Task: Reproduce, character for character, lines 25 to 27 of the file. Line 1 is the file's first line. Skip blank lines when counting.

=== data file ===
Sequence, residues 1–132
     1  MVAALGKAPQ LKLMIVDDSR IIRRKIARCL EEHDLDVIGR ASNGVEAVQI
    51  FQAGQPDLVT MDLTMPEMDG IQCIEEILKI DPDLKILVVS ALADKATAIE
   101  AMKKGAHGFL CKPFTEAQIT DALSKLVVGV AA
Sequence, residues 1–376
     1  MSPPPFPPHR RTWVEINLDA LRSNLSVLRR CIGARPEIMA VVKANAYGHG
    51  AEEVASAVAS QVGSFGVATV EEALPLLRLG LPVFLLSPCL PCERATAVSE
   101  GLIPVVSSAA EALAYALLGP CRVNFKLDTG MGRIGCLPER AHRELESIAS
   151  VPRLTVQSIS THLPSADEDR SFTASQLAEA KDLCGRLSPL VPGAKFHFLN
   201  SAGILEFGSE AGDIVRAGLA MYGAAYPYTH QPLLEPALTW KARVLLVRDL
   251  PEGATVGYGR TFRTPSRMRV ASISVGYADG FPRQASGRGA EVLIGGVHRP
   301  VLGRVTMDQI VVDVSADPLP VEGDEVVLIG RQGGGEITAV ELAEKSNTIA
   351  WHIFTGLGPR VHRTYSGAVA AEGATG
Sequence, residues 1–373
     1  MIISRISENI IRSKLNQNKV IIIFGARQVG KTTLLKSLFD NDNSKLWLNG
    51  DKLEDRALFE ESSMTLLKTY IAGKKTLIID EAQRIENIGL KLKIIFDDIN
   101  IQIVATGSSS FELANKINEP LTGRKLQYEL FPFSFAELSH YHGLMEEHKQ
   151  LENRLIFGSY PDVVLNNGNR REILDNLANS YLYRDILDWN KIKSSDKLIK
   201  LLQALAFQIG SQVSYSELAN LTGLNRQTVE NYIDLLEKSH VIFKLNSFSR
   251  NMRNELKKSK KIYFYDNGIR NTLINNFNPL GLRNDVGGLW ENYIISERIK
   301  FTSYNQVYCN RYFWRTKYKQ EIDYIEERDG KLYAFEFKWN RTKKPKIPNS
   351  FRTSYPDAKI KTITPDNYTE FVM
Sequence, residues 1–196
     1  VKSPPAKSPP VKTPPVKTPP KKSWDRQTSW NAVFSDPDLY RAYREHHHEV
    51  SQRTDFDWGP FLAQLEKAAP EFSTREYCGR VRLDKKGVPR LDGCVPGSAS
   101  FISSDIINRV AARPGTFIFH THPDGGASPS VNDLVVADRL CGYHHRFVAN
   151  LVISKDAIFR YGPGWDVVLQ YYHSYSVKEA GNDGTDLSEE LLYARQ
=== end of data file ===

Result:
    51  SQRTDFDWGP FLAQLEKAAP EFSTREYCGR VRLDKKGVPR LDGCVPGSAS
   101  FISSDIINRV AARPGTFIFH THPDGGASPS VNDLVVADRL CGYHHRFVAN
   151  LVISKDAIFR YGPGWDVVLQ YYHSYSVKEA GNDGTDLSEE LLYARQ